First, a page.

Thanks to an efficient model, which includes paying agents as employees with a salary rather than a commission as independent contractors, Blackmon said Quill Realty will still provide full service to sellers for that relatively low fee:
- Quill Realty will list the home across the Internet using FSBO platforms (which now include Zillow, Redfin, Trulia, etc.).
- The firm will install a “For Sale” sign at the home and host open houses and provide tours for qualified buyers. While the firm would evaluate potential buyers on a case-by-case basis, Blackmon said his firm will require buyers to send both a loan preapproval letter that guarantees they have financing for at least around 90 percent of the home’s list price and a copy of their driver’s license before scheduling a showing.
- Quill Realty will have attorney-prepared forms that can be used by buyers if they choose to represent themselves, or they can hire Quill Realty or any other broker or attorney to represent them.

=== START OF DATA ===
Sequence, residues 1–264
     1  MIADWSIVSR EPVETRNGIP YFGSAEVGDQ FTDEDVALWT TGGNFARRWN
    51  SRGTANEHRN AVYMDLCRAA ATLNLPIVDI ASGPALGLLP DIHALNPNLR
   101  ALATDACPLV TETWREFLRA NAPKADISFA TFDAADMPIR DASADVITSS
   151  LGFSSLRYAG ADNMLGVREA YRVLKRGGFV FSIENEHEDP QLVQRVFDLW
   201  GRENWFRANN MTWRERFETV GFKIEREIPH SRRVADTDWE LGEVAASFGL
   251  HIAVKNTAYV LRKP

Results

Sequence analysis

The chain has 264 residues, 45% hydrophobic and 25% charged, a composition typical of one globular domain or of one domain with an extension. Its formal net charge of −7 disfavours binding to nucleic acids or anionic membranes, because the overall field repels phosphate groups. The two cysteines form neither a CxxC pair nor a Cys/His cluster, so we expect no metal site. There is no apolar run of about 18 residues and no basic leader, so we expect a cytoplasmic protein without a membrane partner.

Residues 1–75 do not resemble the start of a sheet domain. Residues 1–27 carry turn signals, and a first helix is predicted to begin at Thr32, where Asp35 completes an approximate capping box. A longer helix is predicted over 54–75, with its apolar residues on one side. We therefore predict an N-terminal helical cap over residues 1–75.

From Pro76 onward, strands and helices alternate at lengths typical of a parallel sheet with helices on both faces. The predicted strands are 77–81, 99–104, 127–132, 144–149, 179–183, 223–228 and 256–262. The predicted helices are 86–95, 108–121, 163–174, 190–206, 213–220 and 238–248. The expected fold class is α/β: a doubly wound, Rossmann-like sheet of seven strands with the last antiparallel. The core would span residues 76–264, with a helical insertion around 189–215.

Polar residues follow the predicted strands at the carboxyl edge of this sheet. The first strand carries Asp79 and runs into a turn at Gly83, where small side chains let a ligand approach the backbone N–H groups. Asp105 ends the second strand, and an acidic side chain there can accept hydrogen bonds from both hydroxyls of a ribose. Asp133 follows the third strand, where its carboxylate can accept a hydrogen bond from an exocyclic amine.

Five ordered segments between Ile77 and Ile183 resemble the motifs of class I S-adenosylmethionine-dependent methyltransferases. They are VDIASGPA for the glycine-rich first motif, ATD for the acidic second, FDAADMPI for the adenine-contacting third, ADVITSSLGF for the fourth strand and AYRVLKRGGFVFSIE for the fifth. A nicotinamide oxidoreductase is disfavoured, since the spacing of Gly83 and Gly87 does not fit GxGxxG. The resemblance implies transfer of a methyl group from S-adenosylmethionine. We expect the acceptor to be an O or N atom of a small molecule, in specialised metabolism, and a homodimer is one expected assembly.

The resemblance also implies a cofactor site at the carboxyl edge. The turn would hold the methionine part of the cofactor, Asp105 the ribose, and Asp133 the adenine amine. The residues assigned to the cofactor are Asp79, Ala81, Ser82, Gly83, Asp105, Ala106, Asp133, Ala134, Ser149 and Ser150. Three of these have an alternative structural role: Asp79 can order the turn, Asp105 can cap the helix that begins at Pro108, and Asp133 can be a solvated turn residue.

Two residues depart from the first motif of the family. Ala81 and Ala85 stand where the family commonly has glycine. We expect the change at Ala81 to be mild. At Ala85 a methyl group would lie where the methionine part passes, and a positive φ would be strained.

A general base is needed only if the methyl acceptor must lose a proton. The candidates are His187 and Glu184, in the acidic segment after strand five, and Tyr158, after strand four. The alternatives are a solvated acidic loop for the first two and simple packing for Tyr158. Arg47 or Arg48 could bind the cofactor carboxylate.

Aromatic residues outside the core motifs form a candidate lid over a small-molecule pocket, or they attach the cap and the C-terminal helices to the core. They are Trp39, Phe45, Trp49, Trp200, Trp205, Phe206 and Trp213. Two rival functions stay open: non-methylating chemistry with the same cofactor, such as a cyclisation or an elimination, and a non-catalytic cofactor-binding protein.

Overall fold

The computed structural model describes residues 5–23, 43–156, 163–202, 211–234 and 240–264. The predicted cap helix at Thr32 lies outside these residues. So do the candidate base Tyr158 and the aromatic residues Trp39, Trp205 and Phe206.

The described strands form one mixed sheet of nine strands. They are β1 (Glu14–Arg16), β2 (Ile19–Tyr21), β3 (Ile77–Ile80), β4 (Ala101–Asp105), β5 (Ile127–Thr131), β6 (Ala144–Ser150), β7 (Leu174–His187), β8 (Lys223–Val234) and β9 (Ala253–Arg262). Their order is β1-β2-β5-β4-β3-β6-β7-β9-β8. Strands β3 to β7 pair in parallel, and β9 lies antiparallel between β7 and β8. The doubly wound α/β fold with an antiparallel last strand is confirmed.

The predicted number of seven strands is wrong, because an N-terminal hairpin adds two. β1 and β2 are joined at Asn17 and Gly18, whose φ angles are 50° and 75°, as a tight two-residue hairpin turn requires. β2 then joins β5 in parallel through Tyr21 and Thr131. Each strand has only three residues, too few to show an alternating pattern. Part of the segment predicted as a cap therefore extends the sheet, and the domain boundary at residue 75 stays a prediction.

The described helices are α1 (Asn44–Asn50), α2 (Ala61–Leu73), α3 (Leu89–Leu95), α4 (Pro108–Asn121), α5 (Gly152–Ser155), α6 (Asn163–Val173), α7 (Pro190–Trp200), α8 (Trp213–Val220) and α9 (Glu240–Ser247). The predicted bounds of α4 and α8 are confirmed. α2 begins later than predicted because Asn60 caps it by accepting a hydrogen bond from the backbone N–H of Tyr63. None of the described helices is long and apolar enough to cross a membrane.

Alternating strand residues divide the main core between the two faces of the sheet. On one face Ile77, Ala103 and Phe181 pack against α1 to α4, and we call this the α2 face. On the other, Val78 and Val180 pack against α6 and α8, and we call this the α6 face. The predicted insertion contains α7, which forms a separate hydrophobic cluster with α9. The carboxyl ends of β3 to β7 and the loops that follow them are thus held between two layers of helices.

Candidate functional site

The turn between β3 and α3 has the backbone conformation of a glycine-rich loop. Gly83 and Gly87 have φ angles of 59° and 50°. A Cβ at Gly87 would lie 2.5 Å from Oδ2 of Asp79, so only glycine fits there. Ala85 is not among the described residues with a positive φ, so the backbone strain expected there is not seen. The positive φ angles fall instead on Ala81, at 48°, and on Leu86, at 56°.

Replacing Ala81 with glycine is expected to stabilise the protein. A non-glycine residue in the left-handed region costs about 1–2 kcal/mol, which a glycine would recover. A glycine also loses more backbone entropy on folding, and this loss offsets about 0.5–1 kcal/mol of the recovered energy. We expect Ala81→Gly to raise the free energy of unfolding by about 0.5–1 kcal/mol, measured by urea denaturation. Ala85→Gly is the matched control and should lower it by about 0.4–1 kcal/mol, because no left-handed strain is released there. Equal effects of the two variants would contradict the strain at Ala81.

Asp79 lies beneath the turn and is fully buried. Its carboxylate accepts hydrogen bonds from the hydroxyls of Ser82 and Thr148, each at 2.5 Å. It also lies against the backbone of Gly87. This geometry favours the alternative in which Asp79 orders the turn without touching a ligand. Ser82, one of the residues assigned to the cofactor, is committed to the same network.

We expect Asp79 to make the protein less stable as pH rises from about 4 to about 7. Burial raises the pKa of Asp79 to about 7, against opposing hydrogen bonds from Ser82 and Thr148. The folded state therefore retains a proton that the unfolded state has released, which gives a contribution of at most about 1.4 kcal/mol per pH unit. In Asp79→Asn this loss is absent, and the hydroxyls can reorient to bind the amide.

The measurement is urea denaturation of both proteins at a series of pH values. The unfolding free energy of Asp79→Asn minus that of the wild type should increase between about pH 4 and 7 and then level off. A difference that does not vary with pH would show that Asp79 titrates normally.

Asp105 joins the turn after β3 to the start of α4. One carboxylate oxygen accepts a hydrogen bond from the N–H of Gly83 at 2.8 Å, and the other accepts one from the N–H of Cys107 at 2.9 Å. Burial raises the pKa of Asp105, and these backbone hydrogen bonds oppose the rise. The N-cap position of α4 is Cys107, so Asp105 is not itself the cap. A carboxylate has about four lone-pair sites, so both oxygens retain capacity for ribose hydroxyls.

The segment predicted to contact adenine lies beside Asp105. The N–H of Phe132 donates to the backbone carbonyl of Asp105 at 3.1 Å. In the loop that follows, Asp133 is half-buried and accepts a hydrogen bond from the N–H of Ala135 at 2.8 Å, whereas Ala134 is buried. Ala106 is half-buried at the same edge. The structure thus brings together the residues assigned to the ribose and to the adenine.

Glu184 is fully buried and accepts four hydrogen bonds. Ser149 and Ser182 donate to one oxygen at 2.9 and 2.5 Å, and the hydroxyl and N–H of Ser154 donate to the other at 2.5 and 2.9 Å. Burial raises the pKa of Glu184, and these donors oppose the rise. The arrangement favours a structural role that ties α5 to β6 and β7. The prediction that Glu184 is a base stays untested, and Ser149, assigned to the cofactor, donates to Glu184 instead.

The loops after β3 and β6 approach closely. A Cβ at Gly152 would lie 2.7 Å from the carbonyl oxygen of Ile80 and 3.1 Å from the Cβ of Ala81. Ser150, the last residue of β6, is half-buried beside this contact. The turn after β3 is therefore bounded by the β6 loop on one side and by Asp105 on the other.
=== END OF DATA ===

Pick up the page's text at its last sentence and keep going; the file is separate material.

- The firm will make the home available as necessary for buyers to complete their due diligence.
Quill Realty acknowledges that its listings will receive less market exposure than they would if listed in the MLS, but the firm argues the listings will still get plenty of attention, both through old-school methods like yard signs and via popular sites like Zillow, Trulia, Redfin and, possibly, realtor.com.
Blackmon initially assumed that realtor.com would not display Quill Realty listings if the firm was not an MLS member. But after Inman reached out to realtor.com about its protocol and shared with Quill Realty that the portal decides whether to accept listings from non-MLS brokerages on a case-by-case basis, he said he will look into it.
The firm will get its listings on Redfin via a for-sale-by-owner listing database. A Redfin spokeswoman confirmed that the site hosts listings from FSBO databases.